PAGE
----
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Avoiding Litigation Through Mediation Contract Clauses

Avoiding Litigation Through Mediation Contract Clauses by Gary Shaffer

{3 minutes to read}  Alan Gettner and I recently published an article in the Fall 2018 issue of New York Dispute Resolution Lawyer that described a simple method of using a mediation clause in a contract to avoid costly litigation. The gist of it is a relatively short “notice and disclosure” provision in the contract that requires parties to:

  1. Notify the other side of any dispute before commencing a lawsuit.
  2. Provide relevant documents and information about the dispute.

Here is the entire provision:

A party who wishes to make a claim for breach of this contract or indemnification hereunder shall give written notice to the party from whom damages or indemnification is claimed with reasonable promptness after its discovery of the facts and circumstances giving rise to the claim, and shall promptly provide the other side with all pertinent information and documents in its possession regarding the claim and its resulting damages. To the extent that providing such information is not practical, the claiming party will permit the other party to inspect such books and records in its possession relating to the claim as the other party may reasonably request. Within 30 days after receipt of such notice and such information and documents or completion of such inspection, the other party shall notify the claiming party whether it accepts the claim or contests it.

I would add the following to this provision: “Whether the claim is accepted or contested, the parties agree that before commencing any litigation, they will first mediate the dispute in a four-hour session with a mutually agreed upon mediator. The parties will evenly split the cost of such mediation.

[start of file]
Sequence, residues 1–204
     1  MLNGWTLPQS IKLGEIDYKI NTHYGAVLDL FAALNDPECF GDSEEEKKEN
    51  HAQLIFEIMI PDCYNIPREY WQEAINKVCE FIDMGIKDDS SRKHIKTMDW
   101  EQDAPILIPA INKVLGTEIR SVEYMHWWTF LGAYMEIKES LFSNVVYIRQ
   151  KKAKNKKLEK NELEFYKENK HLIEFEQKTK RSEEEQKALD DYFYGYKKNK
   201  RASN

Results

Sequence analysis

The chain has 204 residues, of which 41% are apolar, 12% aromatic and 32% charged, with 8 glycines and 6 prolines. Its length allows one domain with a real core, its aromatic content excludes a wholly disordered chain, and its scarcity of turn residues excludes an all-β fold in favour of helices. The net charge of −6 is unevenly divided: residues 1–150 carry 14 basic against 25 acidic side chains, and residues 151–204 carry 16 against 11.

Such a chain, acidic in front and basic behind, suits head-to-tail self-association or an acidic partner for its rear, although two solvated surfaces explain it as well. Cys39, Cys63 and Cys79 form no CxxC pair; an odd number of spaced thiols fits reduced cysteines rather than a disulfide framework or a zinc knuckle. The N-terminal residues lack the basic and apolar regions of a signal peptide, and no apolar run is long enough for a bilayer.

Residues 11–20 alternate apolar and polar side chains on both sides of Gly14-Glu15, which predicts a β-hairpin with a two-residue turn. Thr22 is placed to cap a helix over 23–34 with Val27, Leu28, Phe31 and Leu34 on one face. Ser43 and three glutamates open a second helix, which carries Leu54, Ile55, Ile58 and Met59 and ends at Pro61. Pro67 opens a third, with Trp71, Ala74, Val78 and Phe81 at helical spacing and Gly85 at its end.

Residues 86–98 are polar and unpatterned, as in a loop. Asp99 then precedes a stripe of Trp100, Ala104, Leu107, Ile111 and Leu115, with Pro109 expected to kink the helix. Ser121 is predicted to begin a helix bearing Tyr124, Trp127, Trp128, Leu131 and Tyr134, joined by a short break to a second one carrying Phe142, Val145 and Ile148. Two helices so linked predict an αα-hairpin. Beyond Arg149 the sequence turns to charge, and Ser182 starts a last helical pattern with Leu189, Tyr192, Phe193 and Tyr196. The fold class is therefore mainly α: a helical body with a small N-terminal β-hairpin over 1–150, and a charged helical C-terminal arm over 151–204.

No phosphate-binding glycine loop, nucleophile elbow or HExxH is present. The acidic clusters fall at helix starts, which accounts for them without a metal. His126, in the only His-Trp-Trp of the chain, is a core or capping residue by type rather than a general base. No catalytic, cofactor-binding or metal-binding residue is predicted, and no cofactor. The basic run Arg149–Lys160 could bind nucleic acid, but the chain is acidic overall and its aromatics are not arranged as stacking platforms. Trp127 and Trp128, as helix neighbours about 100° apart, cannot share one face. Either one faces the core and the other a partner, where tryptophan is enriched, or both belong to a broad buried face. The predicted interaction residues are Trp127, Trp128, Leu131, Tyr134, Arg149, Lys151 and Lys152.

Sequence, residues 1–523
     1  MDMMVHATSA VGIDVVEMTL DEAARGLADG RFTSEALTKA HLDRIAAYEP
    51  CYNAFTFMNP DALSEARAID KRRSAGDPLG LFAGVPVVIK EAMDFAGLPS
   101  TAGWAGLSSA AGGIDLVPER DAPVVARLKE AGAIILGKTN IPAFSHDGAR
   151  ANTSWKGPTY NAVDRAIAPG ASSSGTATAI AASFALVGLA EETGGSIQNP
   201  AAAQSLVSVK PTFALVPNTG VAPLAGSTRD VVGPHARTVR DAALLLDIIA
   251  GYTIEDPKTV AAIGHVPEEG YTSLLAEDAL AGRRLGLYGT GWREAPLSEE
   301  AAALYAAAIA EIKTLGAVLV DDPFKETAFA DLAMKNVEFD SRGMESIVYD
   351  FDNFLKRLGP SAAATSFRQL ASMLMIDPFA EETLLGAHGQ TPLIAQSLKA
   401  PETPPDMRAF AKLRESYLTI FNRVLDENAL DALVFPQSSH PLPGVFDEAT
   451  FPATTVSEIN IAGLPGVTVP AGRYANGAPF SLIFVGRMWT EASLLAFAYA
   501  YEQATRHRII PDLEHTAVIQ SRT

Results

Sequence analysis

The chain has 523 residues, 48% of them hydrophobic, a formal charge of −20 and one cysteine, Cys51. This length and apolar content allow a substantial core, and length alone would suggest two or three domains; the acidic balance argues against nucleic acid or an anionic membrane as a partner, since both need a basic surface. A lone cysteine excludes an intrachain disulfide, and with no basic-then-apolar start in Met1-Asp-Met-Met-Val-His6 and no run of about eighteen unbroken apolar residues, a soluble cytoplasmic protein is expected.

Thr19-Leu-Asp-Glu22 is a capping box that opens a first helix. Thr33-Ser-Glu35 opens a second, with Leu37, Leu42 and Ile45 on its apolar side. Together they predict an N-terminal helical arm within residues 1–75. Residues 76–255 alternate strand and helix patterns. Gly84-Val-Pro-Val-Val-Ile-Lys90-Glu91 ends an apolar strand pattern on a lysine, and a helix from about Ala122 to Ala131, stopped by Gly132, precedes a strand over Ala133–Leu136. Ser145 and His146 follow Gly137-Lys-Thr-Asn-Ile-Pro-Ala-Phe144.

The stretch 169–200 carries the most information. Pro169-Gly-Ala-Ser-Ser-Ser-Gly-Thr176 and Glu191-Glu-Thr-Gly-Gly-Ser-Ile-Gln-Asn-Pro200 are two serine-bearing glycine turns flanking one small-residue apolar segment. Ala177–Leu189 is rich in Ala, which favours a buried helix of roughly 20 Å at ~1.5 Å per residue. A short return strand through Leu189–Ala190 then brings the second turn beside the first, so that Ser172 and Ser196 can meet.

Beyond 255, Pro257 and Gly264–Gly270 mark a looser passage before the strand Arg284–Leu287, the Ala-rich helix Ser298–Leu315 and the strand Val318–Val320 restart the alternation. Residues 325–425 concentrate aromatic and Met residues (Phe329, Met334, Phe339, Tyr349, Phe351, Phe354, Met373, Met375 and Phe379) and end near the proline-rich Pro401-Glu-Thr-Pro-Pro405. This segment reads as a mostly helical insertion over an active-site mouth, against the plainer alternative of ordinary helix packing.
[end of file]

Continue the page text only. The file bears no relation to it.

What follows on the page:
Those 190 words could lead to direct discussions and negotiations that otherwise often don’t occur until after months or years of litigation and legal fees that could run to hundreds of thousands, or even millions of dollars. Alan used this language in a complex transaction and it helped resolve a dispute that might easily have dragged on and on, with negative consequences for all.

But this approach is just as applicable to smaller transactions or contracts. The key to resolving many disputes is to get the negotiation/discussion ball rolling. When a dispute arises, many parties and attorneys are loath to make the first move for fear of betraying weakness. Using this provision sets up an automatic process removing that concern. Instead, the parties exchange information — which they will have to do anyway in a lawsuit — and get down to working things out. And even if that part is unsuccessful, they probably  will have narrowed the issues to be litigated and cut the time and cost of discovery in half.

Let me know your thoughts and whether you have ever used something like this to resolve a dispute and/or avoid litigation.

Gary Shaffer Gary Shaffer
Shaffer Mediation

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An honors graduate of Harvard University and the Cardozo Law School of Yeshiva University, where he also served on the Law Review, Gary brings more than 30 years of litigation and negotiation experience to his practice as a mediator. He has successfully negotiated and mediated resolutions in family matters, employment cases, commercial disputes, personal injury cases, and major civil rights matters.

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